According to GamesRadar+, Vincke was questioned about the challenges that emerged during the game’s extensive development and whether the studio had to work under intense pressure. Vincke mentioned that they are investing less in BG3 compared to their previous projects. We definitely did. We encountered unforeseen events.

Vincke highlights Larian’s global studio setup as a method through which the developer alleviated the pressure. This structure was established to guarantee round-the-clock coverage, specifically designed to prevent individuals from having to put in additional effort to resolve late-night issues. The Belgian developer has expanded its reach by opening a seventh office in Poland.

According to Vincke, employees who had to work long hours were compensated with overtime pay. He also mentioned that after 8pm, the offices would be nearly empty, and weekend work was a rare occurrence at the studio. Expanding on the topic, he clarifies: “We didn’t excessively push ourselves, but we did have to put in some extra effort.” And I believe, honestly, there will always be a sense of anticipation when you’re working towards completing a project, particularly when there are numerous intricate elements that need to be integrated.

Did you know that the development of Baldur’s Gate 3, with its immense size and scope, involved developers working tirelessly to meet the deadline? Please share your thoughts in the comments section below.

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Mad Max developer responds to comments made by Furioso director George Miller about Kojima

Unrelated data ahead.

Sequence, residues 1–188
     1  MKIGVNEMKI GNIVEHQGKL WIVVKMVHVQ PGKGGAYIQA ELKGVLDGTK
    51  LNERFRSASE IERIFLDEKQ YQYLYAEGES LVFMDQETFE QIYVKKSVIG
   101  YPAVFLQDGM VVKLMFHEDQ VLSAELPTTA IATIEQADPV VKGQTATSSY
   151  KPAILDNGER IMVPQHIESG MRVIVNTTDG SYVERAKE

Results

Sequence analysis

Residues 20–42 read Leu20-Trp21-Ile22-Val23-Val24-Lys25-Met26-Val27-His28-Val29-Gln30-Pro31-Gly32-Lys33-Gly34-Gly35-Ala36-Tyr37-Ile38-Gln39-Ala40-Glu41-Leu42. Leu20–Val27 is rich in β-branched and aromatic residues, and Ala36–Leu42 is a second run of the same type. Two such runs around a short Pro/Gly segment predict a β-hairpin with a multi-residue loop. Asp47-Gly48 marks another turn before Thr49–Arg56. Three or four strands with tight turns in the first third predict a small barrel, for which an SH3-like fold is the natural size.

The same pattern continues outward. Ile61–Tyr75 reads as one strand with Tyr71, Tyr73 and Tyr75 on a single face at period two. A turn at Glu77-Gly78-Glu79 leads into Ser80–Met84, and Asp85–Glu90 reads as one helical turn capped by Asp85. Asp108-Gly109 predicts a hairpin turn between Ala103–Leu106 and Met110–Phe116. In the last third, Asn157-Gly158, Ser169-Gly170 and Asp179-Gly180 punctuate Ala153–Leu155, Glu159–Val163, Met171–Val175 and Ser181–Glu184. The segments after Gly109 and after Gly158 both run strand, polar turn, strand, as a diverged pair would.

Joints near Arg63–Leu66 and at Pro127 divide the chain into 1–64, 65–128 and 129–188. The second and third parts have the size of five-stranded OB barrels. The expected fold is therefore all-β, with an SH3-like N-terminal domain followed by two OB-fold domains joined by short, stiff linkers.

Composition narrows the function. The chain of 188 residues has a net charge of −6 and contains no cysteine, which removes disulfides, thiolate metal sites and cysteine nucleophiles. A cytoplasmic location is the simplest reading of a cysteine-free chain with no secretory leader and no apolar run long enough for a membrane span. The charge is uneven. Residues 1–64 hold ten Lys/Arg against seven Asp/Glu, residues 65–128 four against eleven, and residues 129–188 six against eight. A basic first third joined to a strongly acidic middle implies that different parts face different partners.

Last Friday, we shared with you the news that George Miller, the director of the Mad Max franchise, mentioned Hideo Kojima as his top choice to develop another video game adaptation during the premiere of his latest film, Furiosa: A Mad Max Saga. By doing so, it appears that he also criticized the previous game with the same name. The founder of Avalanche Software and creator of the Just Cause series, Christofer Sundberg, the developer behind the last Mad Max game, has responded with strong determination.

On Twitter (thanks, Eurogamer), Sundberg expressed his disagreement with Miller’s comments about Avalanche’s Mad Max game not meeting his expectations. The director stated: “I prefer to only engage in activities if they can be executed at the utmost level of excellence.” Sundberg strongly disagreed with Miller’s statements, describing them as baseless and arrogant. He then proceeded to provide insights into the game’s development, revealing some interesting details.